Why: All roads from France lead to Newcastle (when they don’t lead to Arsenal)
How much: $20.5 million
Newcastle is used to poaching players from Ligue 1, but usually those buys come as Sport Direct-esque bargains. Cabella, having just entered his prime, cost slightly more. The now 25-year-old attacking midfielder cashed in on his 14-goal season with Montpellier (running his two-year total to 21) by taking the well-traveled road north, albeit with a larger sack of gold than most.
He is one of the last prominent names from MHSC’s surprise 2011-12 title-winning side to leave, though at the time, his name was far less prominent. As players like Olivier Giroud, Mapou Yanga-Mbiwa, and Younnes Belhanda cashed in, Cabella stayed behind to leverage the freed playing time, growing into a star.
That star has only slashed on spurts for the Magpies, though the talent is still apparent. Still, when you pay 15 million euros for an established 24-year-old, you expect more than one goal and two assists. Perhaps Cabella’s season has been a function of Newcastle’s broader swoon, but through one season, the club’s investment hasn’t paid off.
Where, in 2013-14: Lille
Where, in 2014-15: Liverpool (but then, back to Lille)
Why: New things are good things, by definition if not production
How much: $16.4 million
Despite only five goals last season with Lille, Origi became one of the most talked-about young forwards in the transfer market, partially because of his place in the World Cup team everybody pretended to discover on their own. After scoring for Belgium at Brazil 2014, nobody was going to be dissuaded about the then-19-year-old’s potential. He’s big, he’s contributed to the summer’s “it” team. What’s not to love?
The production for one. Secondly, he wasn’t brought over to Liverpool for the 2014-15 season, an odd circumstance unless you’re an Italian club piling on half-ownership stakes. For 12 million euros, you might expect more than mere prospecting, especially given Liverpool has struggled at the forward position all season.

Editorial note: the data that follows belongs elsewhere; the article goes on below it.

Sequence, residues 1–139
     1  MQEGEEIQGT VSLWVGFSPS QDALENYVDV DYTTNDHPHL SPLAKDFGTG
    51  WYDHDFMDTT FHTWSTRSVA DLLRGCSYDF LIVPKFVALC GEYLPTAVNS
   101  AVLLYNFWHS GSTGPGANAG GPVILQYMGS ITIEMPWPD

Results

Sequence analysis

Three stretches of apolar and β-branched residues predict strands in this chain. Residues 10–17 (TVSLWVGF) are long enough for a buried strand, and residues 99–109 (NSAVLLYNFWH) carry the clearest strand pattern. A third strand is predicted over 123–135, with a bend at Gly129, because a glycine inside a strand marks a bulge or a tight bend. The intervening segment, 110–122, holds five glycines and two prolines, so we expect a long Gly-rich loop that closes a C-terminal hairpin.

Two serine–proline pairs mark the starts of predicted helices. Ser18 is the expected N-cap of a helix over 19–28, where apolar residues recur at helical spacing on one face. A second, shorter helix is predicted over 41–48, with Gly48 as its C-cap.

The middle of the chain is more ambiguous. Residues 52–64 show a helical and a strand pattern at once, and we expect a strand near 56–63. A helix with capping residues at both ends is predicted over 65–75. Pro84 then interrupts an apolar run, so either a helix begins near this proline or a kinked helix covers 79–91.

He’s only 20, so there’s still time, but his goal rate is actually down this season at Lille (one goal every 277 minutes, as opposed to one every 255 last year). There’s the lazy comparison to Romelu Lukaku to make, but this could also be like a number of any other early blooming forwards – an Andy Carroll-esque arc. Only to date, the bloom has not been that impressive.
Grade: A generous incomplete.
Where, in 2013-14: Lorient
Where, in 2014-15: Porto
Why: Shared ownership leads to interesting outcomes
How much: $4.1 million … for a 30 percent stake
Aboubakar has also suffered from Origi’s lack of production, though his main problem has been getting minutes. The 23-year-old Cameroonian international has only made five starts in this year’s Liga Sagres, scoring three times in 540 minutes. It’s a steep drop from last year, when 16 goals almost doubled his total from three previous Ligue 1 seasons, but that should have been a our warning. Even with the experience of two World Cups under his belt, Aboubakar was bound to regress.
In the shadow of Jackson Martínez, Aboubakar hasn’t had much room to grow, but for the low investment Porto has made, the club can afford to write off one season. It’s one virtue of a model where you’re willing to take minority stakes. Martínez could move on as soon as this summer, at which time Aboubakar could reap the rewards of playing with Yacine Brahimi, Ricardo Quaresma and Héctor Herrera. Once he does, the goals are likely to return.